Peshawar to begin Mandarin courses from May

Peshawar to begin Mandarin courses from May
The City District Government College for Women, one of the institutes that will teach Mandarin. (Photo courtesy of the college’s official page)
Updated 03 April 2018

Peshawar to begin Mandarin courses from May

Peshawar to begin Mandarin courses from May
  • Khyber Pakhtunkhwa gets its first formal Mandarin teaching centers.
  • The provincial capital Peshawar has selected three schools that will offer lessons in the Chinese language.

PESHAWAR: Khyber Pakhtunkhwa (KP) will get its first formal Mandarin teaching centers from May, as the provincial capital Peshawar has selected three schools that will offer lessons in the Chinese language.
“This is the first time in the history of Peshawar and Khyber Pakhtunkhwa that we’re going to introduce Chinese lessons for the students of these schools,” Peshawar District Nazim Muhammad Asim told Arab News on Monday.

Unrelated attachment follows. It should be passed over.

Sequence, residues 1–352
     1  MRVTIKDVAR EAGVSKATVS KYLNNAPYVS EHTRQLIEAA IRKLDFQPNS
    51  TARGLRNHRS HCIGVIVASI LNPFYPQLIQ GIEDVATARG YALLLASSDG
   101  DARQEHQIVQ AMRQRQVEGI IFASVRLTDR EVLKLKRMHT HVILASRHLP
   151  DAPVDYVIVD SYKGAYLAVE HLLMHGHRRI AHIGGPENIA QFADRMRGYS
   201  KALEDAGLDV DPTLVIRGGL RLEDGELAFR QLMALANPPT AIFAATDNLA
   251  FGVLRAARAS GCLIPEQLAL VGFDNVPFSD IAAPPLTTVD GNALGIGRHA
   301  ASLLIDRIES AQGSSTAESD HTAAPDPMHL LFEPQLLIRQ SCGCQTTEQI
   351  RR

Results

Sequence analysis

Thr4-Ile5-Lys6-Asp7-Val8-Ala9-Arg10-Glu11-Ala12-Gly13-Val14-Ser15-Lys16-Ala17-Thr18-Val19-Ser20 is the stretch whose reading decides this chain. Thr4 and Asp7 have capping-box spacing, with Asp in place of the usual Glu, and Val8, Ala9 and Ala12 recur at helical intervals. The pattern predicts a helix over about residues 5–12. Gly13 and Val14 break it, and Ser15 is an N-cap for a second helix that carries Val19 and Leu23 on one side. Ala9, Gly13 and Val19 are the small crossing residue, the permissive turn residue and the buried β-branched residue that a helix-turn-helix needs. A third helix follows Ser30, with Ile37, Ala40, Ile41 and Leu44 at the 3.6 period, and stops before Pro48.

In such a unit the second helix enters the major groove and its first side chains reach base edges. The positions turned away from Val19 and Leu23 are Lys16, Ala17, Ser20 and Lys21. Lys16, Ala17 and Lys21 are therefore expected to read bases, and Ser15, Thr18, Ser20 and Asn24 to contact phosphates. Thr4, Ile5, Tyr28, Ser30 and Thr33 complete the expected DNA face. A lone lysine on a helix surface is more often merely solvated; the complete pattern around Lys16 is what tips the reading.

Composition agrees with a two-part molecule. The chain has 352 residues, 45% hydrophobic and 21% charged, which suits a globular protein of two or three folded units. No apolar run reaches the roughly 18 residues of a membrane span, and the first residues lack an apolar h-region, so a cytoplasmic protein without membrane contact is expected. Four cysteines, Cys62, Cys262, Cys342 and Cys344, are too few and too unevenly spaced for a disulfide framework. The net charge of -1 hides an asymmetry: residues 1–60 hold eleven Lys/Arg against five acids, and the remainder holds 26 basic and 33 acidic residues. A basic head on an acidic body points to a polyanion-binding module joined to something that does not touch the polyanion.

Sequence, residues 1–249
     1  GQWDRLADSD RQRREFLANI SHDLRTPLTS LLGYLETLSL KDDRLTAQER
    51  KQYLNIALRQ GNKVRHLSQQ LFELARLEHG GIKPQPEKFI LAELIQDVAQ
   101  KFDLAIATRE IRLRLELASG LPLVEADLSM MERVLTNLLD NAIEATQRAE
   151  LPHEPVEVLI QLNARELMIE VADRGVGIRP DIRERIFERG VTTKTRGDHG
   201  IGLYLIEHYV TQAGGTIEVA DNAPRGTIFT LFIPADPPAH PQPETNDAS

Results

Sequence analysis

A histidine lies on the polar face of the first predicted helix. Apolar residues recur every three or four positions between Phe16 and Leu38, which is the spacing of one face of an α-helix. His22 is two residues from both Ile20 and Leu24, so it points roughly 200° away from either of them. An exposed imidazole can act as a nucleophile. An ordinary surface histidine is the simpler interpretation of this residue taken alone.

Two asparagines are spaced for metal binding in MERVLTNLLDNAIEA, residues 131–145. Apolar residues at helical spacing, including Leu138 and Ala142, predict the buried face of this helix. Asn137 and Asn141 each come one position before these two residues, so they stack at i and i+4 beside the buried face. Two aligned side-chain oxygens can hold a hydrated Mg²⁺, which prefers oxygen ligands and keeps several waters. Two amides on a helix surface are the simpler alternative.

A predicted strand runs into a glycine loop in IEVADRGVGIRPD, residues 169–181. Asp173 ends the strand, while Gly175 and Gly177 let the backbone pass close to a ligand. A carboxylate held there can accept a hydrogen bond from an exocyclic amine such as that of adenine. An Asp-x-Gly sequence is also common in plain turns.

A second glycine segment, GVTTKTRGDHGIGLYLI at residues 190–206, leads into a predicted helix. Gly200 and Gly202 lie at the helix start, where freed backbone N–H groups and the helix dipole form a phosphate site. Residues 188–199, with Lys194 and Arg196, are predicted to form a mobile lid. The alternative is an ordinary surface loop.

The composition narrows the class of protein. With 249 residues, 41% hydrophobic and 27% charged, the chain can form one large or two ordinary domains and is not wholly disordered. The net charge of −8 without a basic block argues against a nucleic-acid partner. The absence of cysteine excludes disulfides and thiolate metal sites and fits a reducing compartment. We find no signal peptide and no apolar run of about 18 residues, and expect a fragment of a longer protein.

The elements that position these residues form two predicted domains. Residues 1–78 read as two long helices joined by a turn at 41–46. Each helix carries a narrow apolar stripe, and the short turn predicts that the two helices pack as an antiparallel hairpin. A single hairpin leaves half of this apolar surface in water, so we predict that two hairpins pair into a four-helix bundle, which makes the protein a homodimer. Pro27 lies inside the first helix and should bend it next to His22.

“We took the decision in view of the increasing activities related to the China-Pakistan Economic Corridor (CPEC).”
An advertisement had been placed in the media inviting applications for Mandarin teachers, he said, adding that it is not necessary for applicants to be native speakers. Many Pakistanis are well-versed in the language, he said.
The three schools selected are the Municipal Inter-College for Boys, the Municipal Inter-College for Girls, and the City District Government College for Women, he added.
“Initially, we want to initiate Chinese-language diploma classes for students doing matriculation,” Asim said. “However, we may also allow people from other walks of life to take these lessons.”
Feroz Shah, who works with the Peshawar city district government, said the designated schools will charge a nominal fee for the service, and will hire one teacher each to run the courses.
Anwar Ali Shah, assistant district education officer of Charsadda, said the courses should also be introduced in other KP districts. “CPEC is important for the entire region, not just Peshawar,” he told Arab News.
“These classes should serve students who’ve already finished the first 10 grades. Students of lower classes are immature, and many of them wouldn’t fully comprehend these lessons.”